Function of Chloroperoxidase is to hydrolyze hydrogen peroxide as high concentrations of it have negatives effects in cells. E.g. accumulation of H2O2 In plants cells have damaging effects DNA, lipid membranes and organelles and plants rely on these enzymes to prevent accumulation of H2O2. However, presence of H2O2 also plays a role in plant defenses against pathogens. Further evidence suggests that NDRG 2 is believed to play a role in the regulation of H2O2 levels based on the overlay of human NDRG-2 protein with chlorrperoxidase from Streptomyces Lividans. This is due to low RMSD values indicating the best superimposition between both 3-d structures whihc in turn suggests that the homology of both structure may be correlated to its similarity in function.
The presences of many hydrophobic residues on the surface of NDRG-2 shows that it is needed to facilitate entry pass the nuclear membrane into the nucleus. The hydrophobic region binds to hydrophobic nuclear membrane regions and via homophilic binding facilitates its endocytosis into the nucleus.Within this region consists of ligands which connects directly to the conserved region core of the protein which may also play a role in faculitating its translocation into the nucleus where this could server as a recognition signal for its translocation into the nucleus .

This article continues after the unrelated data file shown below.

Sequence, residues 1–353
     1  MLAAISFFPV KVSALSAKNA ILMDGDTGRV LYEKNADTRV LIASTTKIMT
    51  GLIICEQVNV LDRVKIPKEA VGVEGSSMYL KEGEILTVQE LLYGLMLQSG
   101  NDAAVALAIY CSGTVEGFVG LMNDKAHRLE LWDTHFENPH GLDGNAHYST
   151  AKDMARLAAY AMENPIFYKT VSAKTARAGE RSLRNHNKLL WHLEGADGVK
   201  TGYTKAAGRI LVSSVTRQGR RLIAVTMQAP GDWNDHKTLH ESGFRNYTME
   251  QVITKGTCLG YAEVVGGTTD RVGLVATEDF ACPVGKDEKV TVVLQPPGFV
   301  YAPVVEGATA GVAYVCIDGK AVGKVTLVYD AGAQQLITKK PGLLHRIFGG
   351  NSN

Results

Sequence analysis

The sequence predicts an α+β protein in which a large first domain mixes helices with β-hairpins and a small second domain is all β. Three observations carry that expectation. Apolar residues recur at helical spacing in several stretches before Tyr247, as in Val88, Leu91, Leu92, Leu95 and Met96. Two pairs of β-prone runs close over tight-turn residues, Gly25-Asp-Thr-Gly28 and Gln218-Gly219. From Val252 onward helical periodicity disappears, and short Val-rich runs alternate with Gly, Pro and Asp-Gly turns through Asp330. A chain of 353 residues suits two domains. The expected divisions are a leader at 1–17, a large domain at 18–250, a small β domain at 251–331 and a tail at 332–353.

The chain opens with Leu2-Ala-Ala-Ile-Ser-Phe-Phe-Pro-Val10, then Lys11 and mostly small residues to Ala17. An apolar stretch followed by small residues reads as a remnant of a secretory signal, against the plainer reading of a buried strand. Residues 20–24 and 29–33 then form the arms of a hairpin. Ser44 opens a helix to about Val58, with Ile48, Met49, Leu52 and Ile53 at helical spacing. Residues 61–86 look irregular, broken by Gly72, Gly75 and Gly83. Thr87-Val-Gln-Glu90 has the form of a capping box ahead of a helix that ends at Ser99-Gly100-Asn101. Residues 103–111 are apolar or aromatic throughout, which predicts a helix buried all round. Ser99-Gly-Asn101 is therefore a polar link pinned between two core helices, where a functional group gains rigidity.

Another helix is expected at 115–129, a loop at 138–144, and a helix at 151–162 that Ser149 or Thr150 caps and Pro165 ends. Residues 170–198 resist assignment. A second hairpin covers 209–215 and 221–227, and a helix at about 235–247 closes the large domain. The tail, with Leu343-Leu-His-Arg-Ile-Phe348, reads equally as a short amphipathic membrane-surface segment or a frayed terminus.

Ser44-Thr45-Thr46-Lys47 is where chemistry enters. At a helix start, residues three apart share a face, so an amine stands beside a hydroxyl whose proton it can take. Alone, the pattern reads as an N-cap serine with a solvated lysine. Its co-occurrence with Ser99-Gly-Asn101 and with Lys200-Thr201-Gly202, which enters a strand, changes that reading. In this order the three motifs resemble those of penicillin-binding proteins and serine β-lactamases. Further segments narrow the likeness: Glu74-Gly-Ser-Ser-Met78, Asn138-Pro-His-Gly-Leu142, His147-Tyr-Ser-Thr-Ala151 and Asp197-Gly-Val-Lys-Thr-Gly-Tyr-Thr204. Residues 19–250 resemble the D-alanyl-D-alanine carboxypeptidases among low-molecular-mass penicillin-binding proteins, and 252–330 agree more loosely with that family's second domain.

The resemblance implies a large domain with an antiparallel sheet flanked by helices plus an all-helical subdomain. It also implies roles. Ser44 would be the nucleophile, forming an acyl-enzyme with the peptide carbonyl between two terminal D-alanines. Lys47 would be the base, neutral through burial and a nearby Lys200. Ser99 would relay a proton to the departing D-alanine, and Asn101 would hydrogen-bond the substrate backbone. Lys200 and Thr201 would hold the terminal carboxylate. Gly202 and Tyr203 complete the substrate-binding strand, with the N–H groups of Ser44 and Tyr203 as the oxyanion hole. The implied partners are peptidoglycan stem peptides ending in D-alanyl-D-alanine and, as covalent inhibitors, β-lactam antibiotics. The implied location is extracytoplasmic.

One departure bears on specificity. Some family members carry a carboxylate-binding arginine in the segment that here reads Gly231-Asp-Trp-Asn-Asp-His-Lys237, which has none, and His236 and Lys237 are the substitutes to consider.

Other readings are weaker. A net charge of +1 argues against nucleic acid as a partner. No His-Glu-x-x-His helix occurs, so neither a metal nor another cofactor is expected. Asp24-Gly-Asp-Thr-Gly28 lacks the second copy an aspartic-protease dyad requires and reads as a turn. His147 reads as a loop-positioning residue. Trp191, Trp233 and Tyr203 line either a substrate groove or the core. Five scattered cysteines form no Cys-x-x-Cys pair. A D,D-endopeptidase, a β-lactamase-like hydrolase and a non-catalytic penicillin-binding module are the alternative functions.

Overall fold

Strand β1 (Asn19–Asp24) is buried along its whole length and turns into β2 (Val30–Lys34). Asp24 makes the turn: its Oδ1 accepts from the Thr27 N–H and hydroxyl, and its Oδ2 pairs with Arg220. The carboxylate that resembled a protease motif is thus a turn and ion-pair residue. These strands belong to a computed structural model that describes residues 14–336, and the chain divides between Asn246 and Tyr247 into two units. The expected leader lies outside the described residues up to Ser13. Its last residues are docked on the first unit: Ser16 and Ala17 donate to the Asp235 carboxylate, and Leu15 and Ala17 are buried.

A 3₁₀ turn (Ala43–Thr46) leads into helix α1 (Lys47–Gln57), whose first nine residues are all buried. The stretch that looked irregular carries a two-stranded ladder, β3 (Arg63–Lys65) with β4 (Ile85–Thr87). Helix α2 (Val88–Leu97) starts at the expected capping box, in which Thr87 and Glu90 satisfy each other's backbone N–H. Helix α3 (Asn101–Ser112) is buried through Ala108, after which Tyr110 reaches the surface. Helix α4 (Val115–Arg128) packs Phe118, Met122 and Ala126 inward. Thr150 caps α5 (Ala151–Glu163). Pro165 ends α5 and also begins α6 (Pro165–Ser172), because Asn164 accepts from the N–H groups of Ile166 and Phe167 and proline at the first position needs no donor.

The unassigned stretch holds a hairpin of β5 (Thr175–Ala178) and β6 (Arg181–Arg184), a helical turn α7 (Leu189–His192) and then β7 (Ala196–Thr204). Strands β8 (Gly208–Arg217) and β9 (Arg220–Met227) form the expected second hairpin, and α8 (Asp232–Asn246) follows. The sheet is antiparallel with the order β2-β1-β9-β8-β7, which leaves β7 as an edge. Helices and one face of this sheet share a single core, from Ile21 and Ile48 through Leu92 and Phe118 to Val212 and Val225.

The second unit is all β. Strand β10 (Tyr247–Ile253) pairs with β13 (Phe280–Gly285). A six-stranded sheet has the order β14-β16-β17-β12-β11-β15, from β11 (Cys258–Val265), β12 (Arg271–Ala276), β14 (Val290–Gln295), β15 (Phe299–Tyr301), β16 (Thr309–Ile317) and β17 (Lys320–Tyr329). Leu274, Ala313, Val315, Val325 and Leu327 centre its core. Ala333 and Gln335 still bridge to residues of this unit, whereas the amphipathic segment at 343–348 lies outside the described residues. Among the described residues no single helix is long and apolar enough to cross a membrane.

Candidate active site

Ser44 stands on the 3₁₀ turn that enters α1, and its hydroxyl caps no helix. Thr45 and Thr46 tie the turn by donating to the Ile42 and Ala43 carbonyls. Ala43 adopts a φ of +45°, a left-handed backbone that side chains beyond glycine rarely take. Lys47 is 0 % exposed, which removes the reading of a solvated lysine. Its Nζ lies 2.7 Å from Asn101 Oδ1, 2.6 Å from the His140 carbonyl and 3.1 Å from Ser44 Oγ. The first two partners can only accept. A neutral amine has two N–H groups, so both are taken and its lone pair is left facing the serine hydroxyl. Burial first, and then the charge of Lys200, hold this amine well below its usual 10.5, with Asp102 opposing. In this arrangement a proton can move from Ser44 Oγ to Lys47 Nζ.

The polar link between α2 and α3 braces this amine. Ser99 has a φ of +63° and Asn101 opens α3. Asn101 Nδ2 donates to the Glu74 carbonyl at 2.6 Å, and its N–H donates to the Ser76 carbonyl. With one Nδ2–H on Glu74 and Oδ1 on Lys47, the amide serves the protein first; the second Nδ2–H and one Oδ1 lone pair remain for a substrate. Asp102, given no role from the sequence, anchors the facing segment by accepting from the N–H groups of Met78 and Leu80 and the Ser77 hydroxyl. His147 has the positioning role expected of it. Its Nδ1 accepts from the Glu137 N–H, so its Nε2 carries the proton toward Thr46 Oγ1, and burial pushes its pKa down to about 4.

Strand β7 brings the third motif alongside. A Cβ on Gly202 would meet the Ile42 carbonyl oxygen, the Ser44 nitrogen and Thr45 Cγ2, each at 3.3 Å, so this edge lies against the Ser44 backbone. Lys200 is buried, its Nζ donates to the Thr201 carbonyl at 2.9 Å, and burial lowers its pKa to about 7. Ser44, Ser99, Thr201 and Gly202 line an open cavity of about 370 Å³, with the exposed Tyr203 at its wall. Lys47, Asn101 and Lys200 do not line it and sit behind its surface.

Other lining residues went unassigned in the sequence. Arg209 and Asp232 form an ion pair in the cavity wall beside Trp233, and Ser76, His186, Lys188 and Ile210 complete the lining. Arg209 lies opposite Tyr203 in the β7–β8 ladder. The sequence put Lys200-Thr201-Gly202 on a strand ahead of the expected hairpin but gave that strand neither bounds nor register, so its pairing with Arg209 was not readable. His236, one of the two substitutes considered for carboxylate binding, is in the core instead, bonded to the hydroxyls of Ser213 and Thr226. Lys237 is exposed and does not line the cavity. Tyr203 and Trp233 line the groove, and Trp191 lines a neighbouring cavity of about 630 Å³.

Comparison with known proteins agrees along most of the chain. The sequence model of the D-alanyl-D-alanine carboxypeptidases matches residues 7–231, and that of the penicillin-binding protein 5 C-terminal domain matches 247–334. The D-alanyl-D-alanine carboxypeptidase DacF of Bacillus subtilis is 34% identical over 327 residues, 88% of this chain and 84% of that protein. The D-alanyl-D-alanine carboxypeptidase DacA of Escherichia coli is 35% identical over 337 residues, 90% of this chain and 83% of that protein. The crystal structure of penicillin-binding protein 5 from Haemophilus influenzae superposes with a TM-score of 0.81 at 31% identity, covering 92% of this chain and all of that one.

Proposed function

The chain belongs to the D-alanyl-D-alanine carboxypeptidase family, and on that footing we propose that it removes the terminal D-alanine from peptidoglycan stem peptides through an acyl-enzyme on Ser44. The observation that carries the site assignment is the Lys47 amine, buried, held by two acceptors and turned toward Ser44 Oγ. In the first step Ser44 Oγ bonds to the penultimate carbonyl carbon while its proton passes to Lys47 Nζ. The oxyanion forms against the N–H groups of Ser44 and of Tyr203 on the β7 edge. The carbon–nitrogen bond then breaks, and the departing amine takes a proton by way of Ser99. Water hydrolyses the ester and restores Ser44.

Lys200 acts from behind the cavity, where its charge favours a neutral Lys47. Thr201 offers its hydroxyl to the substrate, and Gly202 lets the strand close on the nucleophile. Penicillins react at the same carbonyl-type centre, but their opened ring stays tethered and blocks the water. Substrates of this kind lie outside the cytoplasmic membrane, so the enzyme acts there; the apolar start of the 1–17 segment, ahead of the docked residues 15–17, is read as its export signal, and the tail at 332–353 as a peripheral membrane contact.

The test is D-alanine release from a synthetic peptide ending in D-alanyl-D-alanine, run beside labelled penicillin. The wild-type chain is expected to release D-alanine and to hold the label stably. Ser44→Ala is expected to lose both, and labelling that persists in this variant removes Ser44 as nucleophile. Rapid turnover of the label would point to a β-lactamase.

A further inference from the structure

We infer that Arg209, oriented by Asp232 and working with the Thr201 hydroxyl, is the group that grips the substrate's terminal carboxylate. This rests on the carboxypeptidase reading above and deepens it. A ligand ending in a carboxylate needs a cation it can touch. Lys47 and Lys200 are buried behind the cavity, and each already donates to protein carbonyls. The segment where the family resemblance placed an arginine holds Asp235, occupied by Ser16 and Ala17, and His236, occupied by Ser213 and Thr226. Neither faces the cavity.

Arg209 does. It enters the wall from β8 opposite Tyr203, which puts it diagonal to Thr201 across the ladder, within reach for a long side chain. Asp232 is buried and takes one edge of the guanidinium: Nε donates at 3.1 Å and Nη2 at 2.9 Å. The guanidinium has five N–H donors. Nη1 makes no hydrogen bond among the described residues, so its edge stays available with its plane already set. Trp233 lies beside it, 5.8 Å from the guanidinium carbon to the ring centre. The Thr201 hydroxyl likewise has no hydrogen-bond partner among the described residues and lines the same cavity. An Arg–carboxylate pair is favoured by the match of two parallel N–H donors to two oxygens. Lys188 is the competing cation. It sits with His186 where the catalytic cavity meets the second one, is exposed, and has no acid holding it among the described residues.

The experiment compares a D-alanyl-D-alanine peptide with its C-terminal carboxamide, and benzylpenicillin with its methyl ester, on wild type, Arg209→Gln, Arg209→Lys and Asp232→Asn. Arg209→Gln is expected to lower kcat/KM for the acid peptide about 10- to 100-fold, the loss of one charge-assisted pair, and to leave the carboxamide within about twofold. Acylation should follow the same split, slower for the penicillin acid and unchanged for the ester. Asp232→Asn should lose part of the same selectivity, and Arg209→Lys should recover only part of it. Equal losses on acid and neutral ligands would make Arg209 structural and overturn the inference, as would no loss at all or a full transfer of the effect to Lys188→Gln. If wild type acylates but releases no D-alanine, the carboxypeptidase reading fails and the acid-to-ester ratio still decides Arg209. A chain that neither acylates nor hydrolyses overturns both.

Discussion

Based on structure of chloroperoxidase NDRG-2 protein could be active as a trimer suggesting that multiple domains is required to form a full functional molecule where the active site is formed via interaction of multiple domains.e.g formation of a catalytic triad found in protease enzyme which functions in the hydrolysis of peptide bonds due to specific amino acid residues located in the active site .No functions were found for organic residues (Benzoic acid and Nonaethylene glycol) present on proteins structure. Pressence of these organic residues could be due to remaining residues following crystallization of structure as no such residues were present on molecules with similar alpha/beta hydrolase molecules.
The NDRG2 function is to down-regulate the mutated myc gene to inhibit the tumor cell proliferation. NDRG2 is a hypoxia induced gene that functions in apoptosis to kill the tumor cells, in the presence of lower level of oxygen, NDRG2 is more expressed. Hypoxia also induced the translocation of NDRG2 from cytoplasm to nucleus of tumor cells, although the nuclear localisation signal (NLS) as a nuclear import element is not identified in NDRG2 protein, but it’s speculated that NDRG2 protein has its own motif for the nuclear translocation.  Lifeng Wang et al showed that there was an enhanced resistance of A549 cells to hypoxia induced apoptosis if NDRG2 gene was knocked down by siRNA. It was noticeable that the ectopic expression of NDRG2 only enhanced the apoptosis of A549 cells upon hypoxia, but not under normal culture status. It is unknown if the the expression of NDRG-2 gene is directly responsible for apoptosis of tumour cells or if it is a signal for the apoptosis process NDRG-2 expression is regulated by the Hypoxia-inducible factor (HIF-1) in tumor cell line under hypoxic condition, the Hypoxia responsive element (HRE-1) is one of the three HREs identified in the promoter of NDRG2 gene that bind to the HIF-1 importantly for the expression